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J Clin Invest. 1995 Sep;96(3):1677-82.

Priming for high interferon-gamma production induced by interleukin-12 in both CD4+ and CD8+ T cell clones from HIV-infected patients.

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Wistar Institute of Anatomy and Biology, Philadelphia, Pennsylvania 19104, USA.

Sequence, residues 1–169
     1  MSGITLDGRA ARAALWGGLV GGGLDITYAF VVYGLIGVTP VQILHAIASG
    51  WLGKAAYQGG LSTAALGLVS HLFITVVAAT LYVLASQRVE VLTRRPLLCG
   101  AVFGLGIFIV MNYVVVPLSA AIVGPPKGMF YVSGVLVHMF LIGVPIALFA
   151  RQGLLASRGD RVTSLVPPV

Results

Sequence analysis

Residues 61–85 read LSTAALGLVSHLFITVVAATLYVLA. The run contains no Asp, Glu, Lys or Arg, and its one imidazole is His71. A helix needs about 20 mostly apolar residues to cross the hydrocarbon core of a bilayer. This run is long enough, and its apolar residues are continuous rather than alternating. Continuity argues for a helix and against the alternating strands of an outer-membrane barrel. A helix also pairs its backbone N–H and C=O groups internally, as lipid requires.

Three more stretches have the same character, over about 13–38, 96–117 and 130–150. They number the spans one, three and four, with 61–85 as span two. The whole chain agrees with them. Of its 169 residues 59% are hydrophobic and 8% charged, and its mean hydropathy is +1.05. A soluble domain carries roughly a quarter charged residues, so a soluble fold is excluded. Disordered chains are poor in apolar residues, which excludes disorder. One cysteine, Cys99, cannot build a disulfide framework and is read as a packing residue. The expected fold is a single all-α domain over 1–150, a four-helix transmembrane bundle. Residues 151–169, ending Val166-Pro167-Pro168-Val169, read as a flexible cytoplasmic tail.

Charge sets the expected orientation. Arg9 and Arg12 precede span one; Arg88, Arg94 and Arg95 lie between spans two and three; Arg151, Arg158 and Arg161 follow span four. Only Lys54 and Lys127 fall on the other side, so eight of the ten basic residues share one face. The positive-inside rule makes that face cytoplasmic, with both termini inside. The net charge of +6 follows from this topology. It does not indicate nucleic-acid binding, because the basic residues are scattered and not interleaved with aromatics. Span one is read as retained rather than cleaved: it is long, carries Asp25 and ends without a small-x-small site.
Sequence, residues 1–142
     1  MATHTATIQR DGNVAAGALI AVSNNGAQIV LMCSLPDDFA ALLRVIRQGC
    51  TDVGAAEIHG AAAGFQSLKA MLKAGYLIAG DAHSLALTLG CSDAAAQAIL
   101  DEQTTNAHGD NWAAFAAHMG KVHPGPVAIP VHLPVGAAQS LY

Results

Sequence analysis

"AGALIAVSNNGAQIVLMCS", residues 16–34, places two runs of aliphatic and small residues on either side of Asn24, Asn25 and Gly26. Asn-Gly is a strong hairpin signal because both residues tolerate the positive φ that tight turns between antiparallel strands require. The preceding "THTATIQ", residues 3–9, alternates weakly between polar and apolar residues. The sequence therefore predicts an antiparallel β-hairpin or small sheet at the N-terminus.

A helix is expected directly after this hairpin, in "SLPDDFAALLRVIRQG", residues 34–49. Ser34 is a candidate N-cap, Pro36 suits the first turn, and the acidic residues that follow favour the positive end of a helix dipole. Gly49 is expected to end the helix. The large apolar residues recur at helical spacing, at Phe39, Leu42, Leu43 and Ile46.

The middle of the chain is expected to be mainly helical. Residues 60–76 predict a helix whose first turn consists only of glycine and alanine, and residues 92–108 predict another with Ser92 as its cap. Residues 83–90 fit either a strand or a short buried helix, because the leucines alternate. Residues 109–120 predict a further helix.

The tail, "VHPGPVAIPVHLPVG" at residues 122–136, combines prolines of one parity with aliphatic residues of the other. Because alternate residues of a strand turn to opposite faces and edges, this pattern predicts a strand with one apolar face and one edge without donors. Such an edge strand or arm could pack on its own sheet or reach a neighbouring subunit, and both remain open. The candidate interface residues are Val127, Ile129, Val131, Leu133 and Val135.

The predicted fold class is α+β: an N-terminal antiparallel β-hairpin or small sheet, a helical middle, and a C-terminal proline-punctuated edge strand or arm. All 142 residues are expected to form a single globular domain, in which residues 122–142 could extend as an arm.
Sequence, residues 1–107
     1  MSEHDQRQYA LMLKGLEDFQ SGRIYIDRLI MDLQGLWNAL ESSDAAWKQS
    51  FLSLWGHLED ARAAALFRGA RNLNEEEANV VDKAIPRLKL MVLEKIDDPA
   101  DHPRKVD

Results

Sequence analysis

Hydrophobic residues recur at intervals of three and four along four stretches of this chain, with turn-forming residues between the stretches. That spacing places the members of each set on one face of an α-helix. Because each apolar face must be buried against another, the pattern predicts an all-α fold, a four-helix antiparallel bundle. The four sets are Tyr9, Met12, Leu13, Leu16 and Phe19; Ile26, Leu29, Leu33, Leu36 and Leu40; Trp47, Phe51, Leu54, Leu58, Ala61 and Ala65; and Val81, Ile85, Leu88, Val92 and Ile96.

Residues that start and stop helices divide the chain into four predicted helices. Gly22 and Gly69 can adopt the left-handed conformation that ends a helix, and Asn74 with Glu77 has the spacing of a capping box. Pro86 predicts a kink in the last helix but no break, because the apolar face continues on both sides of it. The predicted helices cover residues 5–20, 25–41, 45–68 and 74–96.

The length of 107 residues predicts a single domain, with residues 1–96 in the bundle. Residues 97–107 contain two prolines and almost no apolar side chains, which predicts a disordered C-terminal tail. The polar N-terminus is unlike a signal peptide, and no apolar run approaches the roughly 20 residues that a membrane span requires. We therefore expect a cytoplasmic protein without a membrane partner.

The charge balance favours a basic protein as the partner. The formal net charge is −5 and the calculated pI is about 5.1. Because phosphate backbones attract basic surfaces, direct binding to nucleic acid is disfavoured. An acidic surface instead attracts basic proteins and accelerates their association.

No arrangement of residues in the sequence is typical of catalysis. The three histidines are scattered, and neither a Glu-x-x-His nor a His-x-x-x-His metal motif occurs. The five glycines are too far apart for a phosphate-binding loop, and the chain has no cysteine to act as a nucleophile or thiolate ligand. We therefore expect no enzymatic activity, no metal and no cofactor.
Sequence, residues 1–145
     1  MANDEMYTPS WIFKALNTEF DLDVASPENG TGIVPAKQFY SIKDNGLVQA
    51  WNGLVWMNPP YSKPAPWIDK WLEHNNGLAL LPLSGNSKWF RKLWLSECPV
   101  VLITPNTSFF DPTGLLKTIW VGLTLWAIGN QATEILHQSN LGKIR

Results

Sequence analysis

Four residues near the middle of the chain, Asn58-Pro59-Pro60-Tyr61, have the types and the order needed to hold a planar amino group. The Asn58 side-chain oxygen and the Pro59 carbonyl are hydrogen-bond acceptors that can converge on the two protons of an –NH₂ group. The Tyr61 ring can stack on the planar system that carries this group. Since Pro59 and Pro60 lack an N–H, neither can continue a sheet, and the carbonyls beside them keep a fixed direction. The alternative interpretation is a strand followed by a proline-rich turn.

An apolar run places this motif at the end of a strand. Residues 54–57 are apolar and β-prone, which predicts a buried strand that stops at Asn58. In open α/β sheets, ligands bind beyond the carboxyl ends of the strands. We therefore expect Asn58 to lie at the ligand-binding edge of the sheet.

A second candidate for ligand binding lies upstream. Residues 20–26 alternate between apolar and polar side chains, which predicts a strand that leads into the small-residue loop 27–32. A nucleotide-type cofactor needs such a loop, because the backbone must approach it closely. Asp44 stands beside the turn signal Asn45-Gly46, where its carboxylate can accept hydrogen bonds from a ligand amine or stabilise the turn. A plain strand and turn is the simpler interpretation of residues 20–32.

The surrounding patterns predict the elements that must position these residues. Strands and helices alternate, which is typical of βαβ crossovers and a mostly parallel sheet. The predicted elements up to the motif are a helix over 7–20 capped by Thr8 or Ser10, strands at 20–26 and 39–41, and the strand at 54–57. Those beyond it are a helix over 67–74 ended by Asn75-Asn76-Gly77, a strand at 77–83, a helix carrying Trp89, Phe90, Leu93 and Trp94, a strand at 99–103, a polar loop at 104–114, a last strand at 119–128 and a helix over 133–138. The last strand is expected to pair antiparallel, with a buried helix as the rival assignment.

HIV-infected patients are defective in their ability to produce interleukin (IL)-12 in vitro in response to pathogenic bacteria and parasites. IL-12 enhances the patient's depressed natural killer cell cytotoxic activity, peripheral blood lymphocyte production of interferon-gamma (IFN-gamma), and proliferative T cell response in vitro to recall antigens, HIV antigens, alloantigens, and mitogens. However, these effects represent short-lived responses and imply the need for chronic IL-12 therapeutic administration in the clinical setting. To identify any long-term effects of IL-12 on T cell differentiation toward Th1 cells, peripheral blood T cells from 10 HIV-infected patients at different stages of disease were cloned by limiting dilution in the presence or absence of IL-12 and tested for cytokine production in response to stimulation with anti-CD3 antibodies and phorbol diesters IL-12 present during the first 2 wk of clonal expansion determined a stable severalfold enhancement on the ability of both CD4+ and CD8+ clones to produce IFN-gamma. Because priming for high IFN-gamma production is probably the most important mechanism by which IL-12 induces generation of efficient T helper type 1 (Th1) cells, these results suggest the possibility that IL-12 treatment in vivo of HIV-infected patients may stimulate a protective Th1 response against opportunistic pathogens and possibly HIV itself.

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